From chili-heat pain relief to blue whale migration: 5 Frontiers articles you won’t want to miss

by Angharad Brewer Gillham, Frontiers science writer


At Frontiers, we bring some of the world’s best research to a global audience. But with tens of thousands of articles published each year, many often fly under the radar. Here are just five amazing papers you may have missed.

Chili to the rescue: Modulating capsaicin as a treatment for chronic itching

Pain and itching are both signals that help humans protect themselves, by prompting us to end contact with whatever causes us pain or make us itch. However, they are also key symptoms of many disorders, and can be frustratingly difficult to treat. Scientists from the Universidad Miguel Hernández, writing in Frontiers in Molecular Neuroscience, investigated whether transient receptor potential channels, which pick up sensory cues ranging from the taste of wasabi to changes in pH, could help treat pain and itching. Previous attempts to exploit these channels to stop pain and itching have not been successful because they cause overheating as a side effect, so the authors suggested that ‘soft’ modulation of the channels might be more patient-friendly, targeting only the channels that aren’t working correctly.

While there are several existing medications which use capsaicin to target these channels, they produce a burning sensation which can upset patients at the same time as improving their chronic pain and itching. The active ingredient also tends to build up on the skin, with potentially negative consequences. The authors suggest that this makes these capsaicin-based drugs ideal candidates for ‘soft’ drugs which are modulated to have fewer side-effects: if capsaicin’s pain and itch relieving effect could be achieved without the burning, many patients living with painful disorders and chemotherapy side-effects could benefit from a better quality of life.

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The age and sex of blue whales changes their migration choices

Blue whales migrate differently depending on their age and sex, finds scientists writing in Frontiers in Marine Science. Dr Christina Blevins and her team sampled baleen plates, which have slightly different carbon and nitrogen isotope signals depending on the prey the blue whales eat, to match the signals to different places blue whales are known to frequent. This allowed them to map the whales’ movements over the years before their deaths.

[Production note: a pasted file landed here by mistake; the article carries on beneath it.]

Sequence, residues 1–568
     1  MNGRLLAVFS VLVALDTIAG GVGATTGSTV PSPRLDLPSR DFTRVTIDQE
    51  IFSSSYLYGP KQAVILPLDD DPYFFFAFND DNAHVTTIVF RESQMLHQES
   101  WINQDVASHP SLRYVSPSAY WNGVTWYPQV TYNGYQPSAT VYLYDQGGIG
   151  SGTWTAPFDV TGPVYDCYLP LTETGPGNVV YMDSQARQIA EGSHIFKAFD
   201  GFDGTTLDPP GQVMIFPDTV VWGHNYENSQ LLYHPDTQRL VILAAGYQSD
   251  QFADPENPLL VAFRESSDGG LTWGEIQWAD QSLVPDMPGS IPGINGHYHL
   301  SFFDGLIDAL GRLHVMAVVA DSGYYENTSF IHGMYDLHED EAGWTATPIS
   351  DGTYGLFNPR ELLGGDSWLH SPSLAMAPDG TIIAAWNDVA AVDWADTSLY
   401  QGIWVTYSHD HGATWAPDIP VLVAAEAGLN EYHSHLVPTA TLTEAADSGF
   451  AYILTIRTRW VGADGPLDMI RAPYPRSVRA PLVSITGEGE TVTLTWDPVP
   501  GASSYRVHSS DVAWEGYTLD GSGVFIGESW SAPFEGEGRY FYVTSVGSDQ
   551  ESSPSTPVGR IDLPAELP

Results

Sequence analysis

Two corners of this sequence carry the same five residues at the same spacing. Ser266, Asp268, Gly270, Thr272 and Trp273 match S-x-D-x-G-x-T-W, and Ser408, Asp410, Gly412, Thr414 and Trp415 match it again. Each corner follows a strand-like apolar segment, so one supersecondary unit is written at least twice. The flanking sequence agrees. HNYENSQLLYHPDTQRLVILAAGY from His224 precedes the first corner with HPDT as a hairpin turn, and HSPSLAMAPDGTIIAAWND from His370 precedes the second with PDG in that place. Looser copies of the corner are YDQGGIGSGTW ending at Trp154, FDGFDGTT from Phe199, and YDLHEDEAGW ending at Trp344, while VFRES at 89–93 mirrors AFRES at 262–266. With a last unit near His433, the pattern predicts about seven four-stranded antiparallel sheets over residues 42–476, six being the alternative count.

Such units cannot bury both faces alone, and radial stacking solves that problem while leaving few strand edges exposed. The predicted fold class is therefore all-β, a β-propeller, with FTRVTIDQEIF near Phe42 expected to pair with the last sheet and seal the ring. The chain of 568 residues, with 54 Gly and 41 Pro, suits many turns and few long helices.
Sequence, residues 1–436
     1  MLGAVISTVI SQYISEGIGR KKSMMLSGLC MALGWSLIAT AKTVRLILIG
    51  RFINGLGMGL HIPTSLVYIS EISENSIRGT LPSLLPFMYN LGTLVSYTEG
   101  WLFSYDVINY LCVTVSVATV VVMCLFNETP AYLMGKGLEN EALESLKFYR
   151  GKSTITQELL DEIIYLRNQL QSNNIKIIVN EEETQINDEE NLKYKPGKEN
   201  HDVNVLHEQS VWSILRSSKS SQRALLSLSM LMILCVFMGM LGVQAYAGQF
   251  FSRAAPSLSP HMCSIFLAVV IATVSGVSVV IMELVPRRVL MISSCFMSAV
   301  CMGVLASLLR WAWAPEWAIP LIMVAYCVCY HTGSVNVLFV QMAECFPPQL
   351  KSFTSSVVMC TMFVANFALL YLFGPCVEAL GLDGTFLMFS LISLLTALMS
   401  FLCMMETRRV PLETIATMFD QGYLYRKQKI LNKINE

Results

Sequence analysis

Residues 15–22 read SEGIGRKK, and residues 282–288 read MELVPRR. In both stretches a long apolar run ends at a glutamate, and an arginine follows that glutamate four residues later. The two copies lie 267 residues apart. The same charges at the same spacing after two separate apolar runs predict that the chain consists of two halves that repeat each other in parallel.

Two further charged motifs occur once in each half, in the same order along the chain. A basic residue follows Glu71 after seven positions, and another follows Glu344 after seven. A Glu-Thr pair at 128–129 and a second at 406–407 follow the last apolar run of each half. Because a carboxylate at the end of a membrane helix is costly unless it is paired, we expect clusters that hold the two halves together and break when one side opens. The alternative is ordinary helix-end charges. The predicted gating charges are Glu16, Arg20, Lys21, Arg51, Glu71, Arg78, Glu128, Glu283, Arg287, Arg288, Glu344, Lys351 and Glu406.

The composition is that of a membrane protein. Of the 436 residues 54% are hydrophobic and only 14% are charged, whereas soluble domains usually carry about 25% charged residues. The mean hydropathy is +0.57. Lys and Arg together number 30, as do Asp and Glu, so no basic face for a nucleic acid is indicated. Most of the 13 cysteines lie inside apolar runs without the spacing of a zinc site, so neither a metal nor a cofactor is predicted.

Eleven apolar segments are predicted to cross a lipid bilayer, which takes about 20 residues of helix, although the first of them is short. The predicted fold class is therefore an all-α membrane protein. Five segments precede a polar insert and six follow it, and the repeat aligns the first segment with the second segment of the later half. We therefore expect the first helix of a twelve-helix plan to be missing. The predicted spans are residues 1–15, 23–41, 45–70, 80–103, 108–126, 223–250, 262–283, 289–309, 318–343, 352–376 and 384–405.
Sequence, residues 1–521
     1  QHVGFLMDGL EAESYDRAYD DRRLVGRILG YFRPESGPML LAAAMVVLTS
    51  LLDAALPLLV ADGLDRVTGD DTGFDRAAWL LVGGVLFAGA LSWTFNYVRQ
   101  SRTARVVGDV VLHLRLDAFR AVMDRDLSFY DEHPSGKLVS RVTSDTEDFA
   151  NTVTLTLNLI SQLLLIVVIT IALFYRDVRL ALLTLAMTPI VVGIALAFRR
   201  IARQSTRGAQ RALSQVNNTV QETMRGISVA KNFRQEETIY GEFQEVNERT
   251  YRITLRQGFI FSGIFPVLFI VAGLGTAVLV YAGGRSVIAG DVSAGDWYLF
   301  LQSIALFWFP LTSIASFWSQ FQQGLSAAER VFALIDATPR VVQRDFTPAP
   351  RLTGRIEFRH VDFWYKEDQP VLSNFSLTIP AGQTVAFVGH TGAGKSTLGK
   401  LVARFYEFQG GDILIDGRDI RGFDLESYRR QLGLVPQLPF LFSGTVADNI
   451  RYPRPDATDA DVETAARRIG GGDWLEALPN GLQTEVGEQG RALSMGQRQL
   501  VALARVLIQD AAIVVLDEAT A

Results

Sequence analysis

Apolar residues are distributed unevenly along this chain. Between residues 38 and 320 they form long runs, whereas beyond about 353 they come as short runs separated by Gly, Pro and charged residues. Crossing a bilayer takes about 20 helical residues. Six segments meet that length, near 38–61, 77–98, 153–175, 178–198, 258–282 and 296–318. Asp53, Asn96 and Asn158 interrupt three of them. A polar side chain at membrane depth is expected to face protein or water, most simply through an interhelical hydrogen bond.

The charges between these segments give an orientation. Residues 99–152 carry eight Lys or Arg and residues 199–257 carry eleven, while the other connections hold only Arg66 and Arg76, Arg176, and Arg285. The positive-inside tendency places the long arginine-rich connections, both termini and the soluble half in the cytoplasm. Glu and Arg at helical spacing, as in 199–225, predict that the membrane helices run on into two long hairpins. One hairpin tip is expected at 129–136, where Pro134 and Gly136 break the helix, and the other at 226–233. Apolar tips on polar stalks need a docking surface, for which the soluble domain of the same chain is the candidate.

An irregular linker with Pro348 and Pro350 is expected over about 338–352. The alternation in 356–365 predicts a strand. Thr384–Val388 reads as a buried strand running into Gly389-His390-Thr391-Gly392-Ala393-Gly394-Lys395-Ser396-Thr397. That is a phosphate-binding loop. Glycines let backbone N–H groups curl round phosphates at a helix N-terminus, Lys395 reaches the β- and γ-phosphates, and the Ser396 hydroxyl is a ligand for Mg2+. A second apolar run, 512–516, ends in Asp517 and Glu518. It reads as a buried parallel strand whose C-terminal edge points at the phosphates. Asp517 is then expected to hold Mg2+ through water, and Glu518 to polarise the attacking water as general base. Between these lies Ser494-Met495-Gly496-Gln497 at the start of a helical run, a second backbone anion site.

They found that young whales were the most erratic travelers, probably because they were inexperienced and having trouble finding food. The scientists even found nitrogen isotope signals that suggest several young whales needed to draw on the energetic resources they stored as blubber when they were nursing. Adult females were the most consistent in their migration decisions, with some variation that may have been a response to resource availability and the need to feed enough to support pregnancies. Adult males often didn’t migrate at all. Since migrating is energetically costly for blue whales, and older, larger males will outcompete younger, smaller males as potential mates for females, the scientists suggested that this represents older males remaining in a feeding ground where they know they will find mates and younger males migrating in order to follow females.

The authors also found that their results showed the Costa Rica Dome was a more significant calving ground than expected and an important base for adult females and young whales – a discovery that will help conservationists safeguard the future of these vulnerable giants.